But it's important to note that the depreciation for a car does not follow a straight line - that is, the depreciation in the first month is very different from the depreciation in the 30th month. Because of this, the dealer needs to fix the duration of the lease ahead of time, in order to draw a line in the sand in terms of fixing the depreciation they have to divide into monthly payments. With the fixed time frame, it doesn't matter if a given months' payment covers that specific months' depreciation, because the total depreciation is spread out over the total time frame.

If a dealer allowed for a lease to be open-ended (that is, terminated at any random time), they would have no way to calculate a monthly payment that would work out to the total depreciation over the (unknown) total life of the lease. If the payment was calculated based on 30 months of depreciation, but then you turned the vehicle in after 3 months, the three payments you made would not cover the 3 months of depreciation (because vehicle depreciate quickly at first). Conversely, if you calculated the lease for 30 months, but then turned it in after 40 months, you would have overpaid for those last 10 months.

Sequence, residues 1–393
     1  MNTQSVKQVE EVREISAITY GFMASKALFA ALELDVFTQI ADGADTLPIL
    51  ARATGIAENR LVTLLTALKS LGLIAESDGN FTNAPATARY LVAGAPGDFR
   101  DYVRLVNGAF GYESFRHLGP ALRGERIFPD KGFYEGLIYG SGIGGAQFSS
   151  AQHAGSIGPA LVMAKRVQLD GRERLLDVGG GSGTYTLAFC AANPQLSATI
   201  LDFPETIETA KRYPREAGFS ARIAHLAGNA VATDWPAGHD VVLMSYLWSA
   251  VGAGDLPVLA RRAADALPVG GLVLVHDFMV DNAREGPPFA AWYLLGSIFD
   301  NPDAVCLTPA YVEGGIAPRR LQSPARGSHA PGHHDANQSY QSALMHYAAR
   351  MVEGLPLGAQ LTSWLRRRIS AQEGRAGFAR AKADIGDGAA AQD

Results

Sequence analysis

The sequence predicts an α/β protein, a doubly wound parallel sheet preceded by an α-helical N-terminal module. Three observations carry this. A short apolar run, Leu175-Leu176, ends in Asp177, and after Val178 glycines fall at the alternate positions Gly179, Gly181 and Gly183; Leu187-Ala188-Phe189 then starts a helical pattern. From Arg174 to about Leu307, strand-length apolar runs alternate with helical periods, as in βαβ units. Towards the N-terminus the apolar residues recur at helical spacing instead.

Other types of assets that are leased (i.e. land) are typically not considered to depreciate. Or, the depreciation is handled via a different mechanism than the lease itself. Because of this, the lease payment can be essentially fixed on a month by month basis, without having to know the duration of the lease upfront.